Roman Building Materials

May 4, 2015
Jem1
An engineer or artisan must work within the constraints imposed by his materials and skills; these limit his ability to shape, transport and handle materials and finished goods. The growth and stability of Rome was in large part due to the richness of its site and the neighbourhood in a variety of excellent building materials that were available to Roman engineers and artisans. The material varied in quality and over time.

Stone, brick and tile

Building stone was quarried as early as 2800 BC The Egyptians quarried soft rocks like limestone, but they also managed harder materials like sandstone, serpentine, basalt and granite (O'Conner, 1993: 51). This was accomplished with wood, stone and bronze tools. O'Conner (1993:51) mentions the Egyptians were able to saw limestone using copper blades fed with sand or set with emery teeth. This technology was passed on to the Romans via the Greeks.

Tufa, or tuff, is a compressed volcanic ash. It is common in Italy and available in three forms - stony (tufa litoide), employed as a building stone; granular (tufa granulare), too soft for building stone but forms the chambers of catacombs; and sandy (pozzolana), used in hydraulic cement (hydraulic cement is a cement that is capable of hardening underwater). O'Conner (1993:51), quoting M.E. Blake, subdivides the building tufas; capellaccio, a widespread, very soft rock that was taken from the first layers of ash that fell near Rome; Fidenae tufa from the second layer; and Grotta Obscura, Monte Verde and Anio tufa from third. The fourth discharge of ash resulted in a layer of stone consisting of hard, dark gray tufa containing fragments of dark lava, white limestone and other materials. This was called peperino, due to its speckled appearance. A similar, but coarser, stone is Gabine stone. The better of these materials for building appear to have been Monte Verde, Anio tufa and peperino.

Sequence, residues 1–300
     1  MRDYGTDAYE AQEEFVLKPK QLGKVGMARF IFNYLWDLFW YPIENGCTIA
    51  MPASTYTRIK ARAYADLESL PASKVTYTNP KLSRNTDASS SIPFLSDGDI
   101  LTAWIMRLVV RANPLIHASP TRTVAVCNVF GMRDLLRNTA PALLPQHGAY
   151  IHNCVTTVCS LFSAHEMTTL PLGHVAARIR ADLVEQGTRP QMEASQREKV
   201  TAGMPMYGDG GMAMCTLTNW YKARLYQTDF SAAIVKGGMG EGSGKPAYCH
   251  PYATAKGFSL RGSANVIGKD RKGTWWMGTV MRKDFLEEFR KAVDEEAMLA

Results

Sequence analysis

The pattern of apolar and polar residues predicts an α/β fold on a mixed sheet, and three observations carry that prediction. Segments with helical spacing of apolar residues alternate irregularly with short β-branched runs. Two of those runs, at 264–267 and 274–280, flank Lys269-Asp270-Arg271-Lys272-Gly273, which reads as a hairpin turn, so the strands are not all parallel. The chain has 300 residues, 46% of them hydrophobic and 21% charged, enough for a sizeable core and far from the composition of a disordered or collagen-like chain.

Tufa was the only stone used during the early prehistoric period of Rome, because it was both near at hand and could be worked with the available bronze tools. Simply removing the covering earth and removing the required material using hammer and chisel was all that was needed. A simple coat of stucco is sufficient to protect it from the weather, and was probably never used externally without this protection (Middleton, 1892a:5).

Lapis Albanus, modern peperino, is a conglomerate of ashes, gravel and other fragments of stone, all cemented together into a dense mass. It is moderately good for outdoor use, and is fireproof. It was used in parts of the Servian wall and at the exit of the Cloaca Maxima (Middleton, 1892a:6).
Lapis Gabinus, also called peperino is similar to Lapis Albanus, but contains less mica, is harder and more weather resistant. It contains broken fragments of lava, the product of some earlier eruption. The Tabularium is faced with Lapis Gabinus, the inner walls are of tufa. In the circuit wall around the Forum of Augustus both the Alban and Gabine stones are used, and the difference in their abilities to withstand weathering can be easily compared. The lower part of the wall is Gabine stone, and is fresh and sharp; while the upper story is of Alban stone and show considerable signs of weathering. Tacitus (Annals, 15.43) tells us that Nero enacted a law that required Gabine stone to be used for fronts of houses in the streets of Rome, because of its fire-resistant properties. This occured after the great fire (Middleton, 1892a:7).

Source: www.romanaqueducts.info
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